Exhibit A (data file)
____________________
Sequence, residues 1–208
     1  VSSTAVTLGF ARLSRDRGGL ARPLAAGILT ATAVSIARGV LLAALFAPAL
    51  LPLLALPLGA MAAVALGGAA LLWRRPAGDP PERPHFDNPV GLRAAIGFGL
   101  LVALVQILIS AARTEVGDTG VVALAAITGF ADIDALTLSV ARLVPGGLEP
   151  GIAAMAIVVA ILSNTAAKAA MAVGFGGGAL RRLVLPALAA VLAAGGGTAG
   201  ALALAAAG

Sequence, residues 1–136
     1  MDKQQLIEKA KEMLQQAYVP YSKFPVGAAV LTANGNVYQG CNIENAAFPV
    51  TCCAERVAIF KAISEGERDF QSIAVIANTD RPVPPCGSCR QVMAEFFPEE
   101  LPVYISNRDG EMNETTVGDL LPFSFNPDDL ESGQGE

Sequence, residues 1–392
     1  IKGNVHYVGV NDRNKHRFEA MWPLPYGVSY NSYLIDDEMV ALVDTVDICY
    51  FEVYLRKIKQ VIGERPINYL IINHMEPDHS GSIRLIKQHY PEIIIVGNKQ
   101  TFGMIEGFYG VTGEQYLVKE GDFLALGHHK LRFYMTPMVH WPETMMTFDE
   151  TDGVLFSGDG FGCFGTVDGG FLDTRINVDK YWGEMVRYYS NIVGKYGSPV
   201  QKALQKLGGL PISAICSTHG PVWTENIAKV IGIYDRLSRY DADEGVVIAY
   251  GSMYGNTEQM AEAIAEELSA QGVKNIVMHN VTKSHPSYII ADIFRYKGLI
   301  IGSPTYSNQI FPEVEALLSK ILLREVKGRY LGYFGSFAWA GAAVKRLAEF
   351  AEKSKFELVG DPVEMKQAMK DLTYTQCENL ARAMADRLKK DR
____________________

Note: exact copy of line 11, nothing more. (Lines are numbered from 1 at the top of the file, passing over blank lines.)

Sequence, residues 1–392